What to see in Porto in one day? Read more about our journey through secret places, wine tastings and culture.
Portugal has always intrigued us: land of navigators and wonderers. Crossroads of people, such as Celts, Romans and Moors, who left the indelible mark of their passage on this land that looks towards the Atlantic. Country of salt cod and wine, the sweet and liquorish one of the city of Porto.
Our journey to discover Portugal and its rich seafaring past begins in Porto, in the north of the country. But what to see in Porto in one day? We decided to let ourselves be carried away by the atmosphere of this city with its decadent charm and to discover what surprises this place had in store for us.
The things to see in Porto are all within walking distance. Every corner hides azulejos, decorated churches and glimpses of the Rio Douro – golden river – which runs for over 200 km from the border with Spain to the sea, crossing fishermen villages, vine terraces and UNESCO World Heritage valleys. From the lush valleys of the Douro come the grapes that give life to the local wine that gives its name to the city.
WHAT TO SEE IN PORT IN ONE DAY
Our day begins with a walk through the colourful houses of Ribeira – the most typical district of Porto as well as a UNESCO heritage site – and with a tasting of the famous wine. To reach the numerous cellars we cross the Dom Luis I bridge, built between 1881 and 1886 by Téophile Seyrig, a pupil of Gustave Eiffel (yes, the one of the Parisian Tower). Crossing one of the two levels of the bridge we reach the bank of Vila Nova de Gaia, where most of the wineries and major producers of Porto are.
Here we find our little corner of paradise at Graham’s cellars. The tastings here are upon reservation only and is fully booked for the day. But we soon realise that the bar terrace, surrounded by lush vineyards, is just fine for an offhand tasting and a bite to eat. The hours flow slowly and pleasantly. We enjoy the Port aged 10 years while we observe the boats, barcos rabelos, sliding slowly on the quiet back of the Douro.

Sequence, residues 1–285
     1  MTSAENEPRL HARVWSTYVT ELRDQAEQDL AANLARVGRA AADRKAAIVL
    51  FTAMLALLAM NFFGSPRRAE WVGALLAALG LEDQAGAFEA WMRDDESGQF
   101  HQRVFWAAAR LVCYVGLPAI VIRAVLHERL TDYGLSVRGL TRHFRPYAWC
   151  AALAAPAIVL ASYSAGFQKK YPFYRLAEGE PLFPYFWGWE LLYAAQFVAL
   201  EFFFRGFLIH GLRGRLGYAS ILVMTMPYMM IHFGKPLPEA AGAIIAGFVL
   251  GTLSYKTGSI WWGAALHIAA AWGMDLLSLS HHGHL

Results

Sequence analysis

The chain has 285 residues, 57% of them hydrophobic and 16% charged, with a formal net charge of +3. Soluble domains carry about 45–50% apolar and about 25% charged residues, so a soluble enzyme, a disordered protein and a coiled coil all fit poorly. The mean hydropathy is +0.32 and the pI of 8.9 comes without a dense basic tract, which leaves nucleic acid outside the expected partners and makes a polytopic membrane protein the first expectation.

São Bento station, in Praca Almeida Garrett, whose main hall is lined with over twenty thousand traditional white and blue Azulejos. The paintings, made by the master Jorge Colaco in the early twentieth century, tell important moments in the history of Portugal and the means of transport, up to the train. A really special place.
Not far from the station is the splendid Igresia do Carmo, Rococo architecture, with a side facade covered with azulejos depicting scenes from the life and the cult of the Virgin Mary.
From there we reach the equally spectacular Capela das Almas – Chapel of Souls – one of the most beautiful churches in Porto. The tiles covering the facades are entirely hand painted and tell the life of St. Francis of Assisi and St. Catherine. This blue masterpiece is located on one of the busiest streets in the center, Rua de Santa Catarina.
Towards evening, we head back to the beautiful Ribeira which, at sunset, takes on a special charm. Fresh air accompanies our walk along the river. From the restaurants come the laughter of a few table companions and the smell of fresh fish. Enchanted, we stop to listen to the sweet notes of a street artist playing the piano. The lights of the city reflect on the waters of the Duoro. And so it ends our one-day visit to Porto.
WHAT TO SEE IN PORTO IN A DAY: THE MAP
ULTIMATE DETOURS’ DISCOVERIES
Among the surprises that Porto had for us there is also an extraordinary food discovery: Casa Guedes, in Praça dos Poveiros, 130. This traditional tavern with an authentic atmosphere serves the best pork knuckle sandwich in the world at € 3.20. Seriously. For something more elaborate, choose the version with Serra cheese, a mountain cheese from the Serra da Estrela. In addition to the famous sandwiches you can also try the presunto – smoked ham. The wine is also something unique. It comes from the owners’ farm and it’s the traditional farmers’ wine that you could only find in small village taverns. Space is tight at this no-frills tasca – tavern – so be prepared to wait for a table inside or on the little terrace on the square.
HOW TO MOVE AROUND PORTO
The city has an excellent network of trams and subways, although all things to see in Porto are within walking distance. Another incredibly cheap transport is Uber, which takes you around the city with € 2-3.
NEXT STOP LISBON
If you planning to visit Porto and Lisbon in the same weekend, you can jump on a high-speed train that reaches Lisbon in 2.5 hours. The departure is from Porto Campanhã station. The price is € 30.80, but booking in advance, you can find Promo Tickets at €12/18.
If you want to add a stop on your trip to Portugal read more about our weekend in Lisbon with a complete guide on what to see in two days in the Portuguese capital.